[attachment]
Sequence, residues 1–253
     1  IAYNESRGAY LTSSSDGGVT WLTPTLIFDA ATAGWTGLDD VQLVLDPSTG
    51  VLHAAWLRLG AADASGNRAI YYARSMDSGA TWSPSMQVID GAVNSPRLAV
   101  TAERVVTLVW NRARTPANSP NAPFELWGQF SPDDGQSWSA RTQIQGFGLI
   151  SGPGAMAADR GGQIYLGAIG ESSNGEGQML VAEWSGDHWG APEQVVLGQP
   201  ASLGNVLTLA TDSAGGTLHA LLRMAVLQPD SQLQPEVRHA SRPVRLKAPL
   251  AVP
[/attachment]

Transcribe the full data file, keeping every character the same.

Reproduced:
Sequence, residues 1–253
     1  IAYNESRGAY LTSSSDGGVT WLTPTLIFDA ATAGWTGLDD VQLVLDPSTG
    51  VLHAAWLRLG AADASGNRAI YYARSMDSGA TWSPSMQVID GAVNSPRLAV
   101  TAERVVTLVW NRARTPANSP NAPFELWGQF SPDDGQSWSA RTQIQGFGLI
   151  SGPGAMAADR GGQIYLGAIG ESSNGEGQML VAEWSGDHWG APEQVVLGQP
   201  ASLGNVLTLA TDSAGGTLHA LLRMAVLQPD SQLQPEVRHA SRPVRLKAPL
   251  AVP